Quercus brantii (QB) well-known as Oak of the Fagaceae family, is largely grown in the Zagros mountains of western and southwestern Iran [48, 49]. QB extract is a good source of polyphenols such as ellagic acid, gallic, and tannin, which show antioxidant and anti-inflammatory activity [50]. According to the results of the previous surveys, the hydroalcoholic extract of QB has antinociceptive, anti-inflammatory, and homeostatic stabilizing properties. The Q. brantii gall can have antioxidative and anti-inflammatory activity on the pathological and biochemical factors of colitis [51].

Citrullus colocynthis plant belongs to the watermelon family, although it differs from the common watermelon in that it is smaller and firmer in the body. The Cucurbitaceae (the gourd family) is mostly frost-sensitive and drought-tolerant [52]. This family contains about 965 species of plants; the well-known members of this family is consisting of the cucumber, watermelon, squash, gourd, and the bitter apple (Citrullus colocynthis). C. colocynthis (L.) Schrad is known as a valuable cucurbit plant that commonly grew in the Arabian Peninsula, Africa, India, and tropical districts around the world [53]. Its skin is a good source of natural antioxidants, including a high level of lycopene, citrulline, cucurbitacin, and different polyphenols. It also has a spicy and astringent taste and shows a soothing effect. The plant demonstrates several medicinal properties such as antimicrobial, anti-inflammatory, anticancer, and antidiabetic activities [54, 55]. Polyphenols are natural components that show antioxidant and free radical scavenging properties. The antioxidant and free radical scavenging properties of C. colocynthis extracts are related to phytochemicals, like polyphenols. Some investigations have measured the polyphenol amount and antioxidant activity in different parts of the fruit of C. colocynthis [56].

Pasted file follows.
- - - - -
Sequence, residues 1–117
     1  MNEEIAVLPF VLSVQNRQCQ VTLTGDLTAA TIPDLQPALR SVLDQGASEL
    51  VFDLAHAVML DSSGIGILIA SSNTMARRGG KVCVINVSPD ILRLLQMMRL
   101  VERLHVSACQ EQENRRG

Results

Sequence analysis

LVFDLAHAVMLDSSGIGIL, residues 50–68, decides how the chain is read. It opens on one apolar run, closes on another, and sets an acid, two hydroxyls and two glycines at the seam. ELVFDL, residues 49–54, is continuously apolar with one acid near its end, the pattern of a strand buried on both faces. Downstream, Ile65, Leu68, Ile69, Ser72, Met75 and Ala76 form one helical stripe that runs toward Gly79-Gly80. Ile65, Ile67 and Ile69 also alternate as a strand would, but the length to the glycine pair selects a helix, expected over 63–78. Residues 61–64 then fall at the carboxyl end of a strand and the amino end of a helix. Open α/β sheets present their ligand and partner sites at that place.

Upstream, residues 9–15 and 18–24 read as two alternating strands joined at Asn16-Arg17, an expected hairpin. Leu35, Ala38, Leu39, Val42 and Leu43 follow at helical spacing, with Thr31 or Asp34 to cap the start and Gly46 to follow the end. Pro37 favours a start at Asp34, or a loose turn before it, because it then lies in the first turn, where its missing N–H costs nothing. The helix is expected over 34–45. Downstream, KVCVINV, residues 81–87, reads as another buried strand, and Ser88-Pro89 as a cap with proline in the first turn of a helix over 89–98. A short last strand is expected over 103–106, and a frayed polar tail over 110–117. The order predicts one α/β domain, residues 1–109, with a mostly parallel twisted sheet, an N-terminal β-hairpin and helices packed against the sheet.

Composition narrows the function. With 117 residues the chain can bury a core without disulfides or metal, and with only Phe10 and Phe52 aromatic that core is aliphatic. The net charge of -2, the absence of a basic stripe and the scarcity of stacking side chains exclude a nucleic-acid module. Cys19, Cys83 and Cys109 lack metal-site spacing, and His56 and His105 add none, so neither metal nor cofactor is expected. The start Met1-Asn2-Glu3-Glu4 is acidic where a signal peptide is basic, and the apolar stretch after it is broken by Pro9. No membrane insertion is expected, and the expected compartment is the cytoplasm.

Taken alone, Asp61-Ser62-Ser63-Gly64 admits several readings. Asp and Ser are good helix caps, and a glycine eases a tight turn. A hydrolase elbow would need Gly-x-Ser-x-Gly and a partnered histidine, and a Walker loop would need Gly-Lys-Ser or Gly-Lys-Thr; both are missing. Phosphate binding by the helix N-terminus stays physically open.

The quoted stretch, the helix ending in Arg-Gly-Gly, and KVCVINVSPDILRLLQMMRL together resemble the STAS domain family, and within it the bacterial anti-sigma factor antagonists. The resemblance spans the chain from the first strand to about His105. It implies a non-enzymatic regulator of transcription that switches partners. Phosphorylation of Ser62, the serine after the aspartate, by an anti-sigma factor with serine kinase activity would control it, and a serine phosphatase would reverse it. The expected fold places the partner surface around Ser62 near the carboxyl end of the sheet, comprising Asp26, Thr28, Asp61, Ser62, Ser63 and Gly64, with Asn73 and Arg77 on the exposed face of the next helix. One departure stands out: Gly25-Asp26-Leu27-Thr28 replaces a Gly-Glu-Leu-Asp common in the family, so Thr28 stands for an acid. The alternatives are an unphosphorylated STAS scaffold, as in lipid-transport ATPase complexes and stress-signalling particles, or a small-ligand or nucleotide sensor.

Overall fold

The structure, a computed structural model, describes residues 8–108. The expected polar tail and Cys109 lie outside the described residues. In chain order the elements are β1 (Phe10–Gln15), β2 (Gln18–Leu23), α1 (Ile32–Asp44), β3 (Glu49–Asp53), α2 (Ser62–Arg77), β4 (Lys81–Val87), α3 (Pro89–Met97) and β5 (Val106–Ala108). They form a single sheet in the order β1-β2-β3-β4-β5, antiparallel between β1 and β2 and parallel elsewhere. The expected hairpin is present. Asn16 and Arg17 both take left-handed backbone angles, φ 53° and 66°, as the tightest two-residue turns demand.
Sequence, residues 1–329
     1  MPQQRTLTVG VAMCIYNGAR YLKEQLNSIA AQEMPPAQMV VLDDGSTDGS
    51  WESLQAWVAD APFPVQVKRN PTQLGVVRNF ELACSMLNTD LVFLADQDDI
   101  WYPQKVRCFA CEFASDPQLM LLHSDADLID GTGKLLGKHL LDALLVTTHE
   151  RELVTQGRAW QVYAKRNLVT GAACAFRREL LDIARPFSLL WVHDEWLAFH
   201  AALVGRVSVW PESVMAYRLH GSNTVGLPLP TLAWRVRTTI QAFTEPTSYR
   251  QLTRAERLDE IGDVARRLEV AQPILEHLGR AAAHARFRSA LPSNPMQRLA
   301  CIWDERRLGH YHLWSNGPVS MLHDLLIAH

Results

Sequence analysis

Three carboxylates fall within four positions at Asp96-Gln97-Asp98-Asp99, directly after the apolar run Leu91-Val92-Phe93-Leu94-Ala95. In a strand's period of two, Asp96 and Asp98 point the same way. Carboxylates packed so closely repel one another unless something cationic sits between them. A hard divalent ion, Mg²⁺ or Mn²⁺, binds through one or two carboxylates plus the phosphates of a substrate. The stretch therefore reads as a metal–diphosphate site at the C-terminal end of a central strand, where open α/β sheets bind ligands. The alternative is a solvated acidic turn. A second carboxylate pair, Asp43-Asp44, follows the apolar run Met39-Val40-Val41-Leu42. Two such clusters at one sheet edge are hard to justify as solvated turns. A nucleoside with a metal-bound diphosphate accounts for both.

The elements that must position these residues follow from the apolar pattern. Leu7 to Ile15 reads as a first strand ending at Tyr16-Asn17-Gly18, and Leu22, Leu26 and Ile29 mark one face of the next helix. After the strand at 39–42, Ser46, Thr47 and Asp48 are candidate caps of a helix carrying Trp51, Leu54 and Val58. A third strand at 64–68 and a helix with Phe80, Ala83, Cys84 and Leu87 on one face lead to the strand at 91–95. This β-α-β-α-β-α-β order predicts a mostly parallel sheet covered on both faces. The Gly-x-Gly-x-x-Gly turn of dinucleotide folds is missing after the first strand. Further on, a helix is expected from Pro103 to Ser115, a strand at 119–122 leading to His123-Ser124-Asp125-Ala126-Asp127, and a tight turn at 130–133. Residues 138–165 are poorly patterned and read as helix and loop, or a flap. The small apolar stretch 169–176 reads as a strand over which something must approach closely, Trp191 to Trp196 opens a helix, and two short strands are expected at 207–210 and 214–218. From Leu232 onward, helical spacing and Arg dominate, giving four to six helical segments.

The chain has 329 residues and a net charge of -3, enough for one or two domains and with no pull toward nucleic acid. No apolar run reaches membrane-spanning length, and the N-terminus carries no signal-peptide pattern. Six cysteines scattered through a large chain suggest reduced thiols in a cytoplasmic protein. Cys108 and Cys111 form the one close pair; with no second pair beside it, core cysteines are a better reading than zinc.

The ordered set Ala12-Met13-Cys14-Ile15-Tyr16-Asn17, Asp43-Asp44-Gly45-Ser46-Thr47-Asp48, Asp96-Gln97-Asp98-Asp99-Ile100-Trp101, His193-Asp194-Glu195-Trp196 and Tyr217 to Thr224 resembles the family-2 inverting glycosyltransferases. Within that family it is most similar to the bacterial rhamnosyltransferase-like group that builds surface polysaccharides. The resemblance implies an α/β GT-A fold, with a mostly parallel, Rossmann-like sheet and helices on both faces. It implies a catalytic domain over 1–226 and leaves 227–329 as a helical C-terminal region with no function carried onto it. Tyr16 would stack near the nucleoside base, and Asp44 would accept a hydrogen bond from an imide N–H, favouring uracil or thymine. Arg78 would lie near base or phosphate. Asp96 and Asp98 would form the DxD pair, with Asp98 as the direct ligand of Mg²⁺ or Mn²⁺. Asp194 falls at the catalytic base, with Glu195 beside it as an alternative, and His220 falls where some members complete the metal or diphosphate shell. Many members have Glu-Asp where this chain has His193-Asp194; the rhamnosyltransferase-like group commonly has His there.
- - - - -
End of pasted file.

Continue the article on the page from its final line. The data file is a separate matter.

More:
Methods6th button-01

Plant preparation: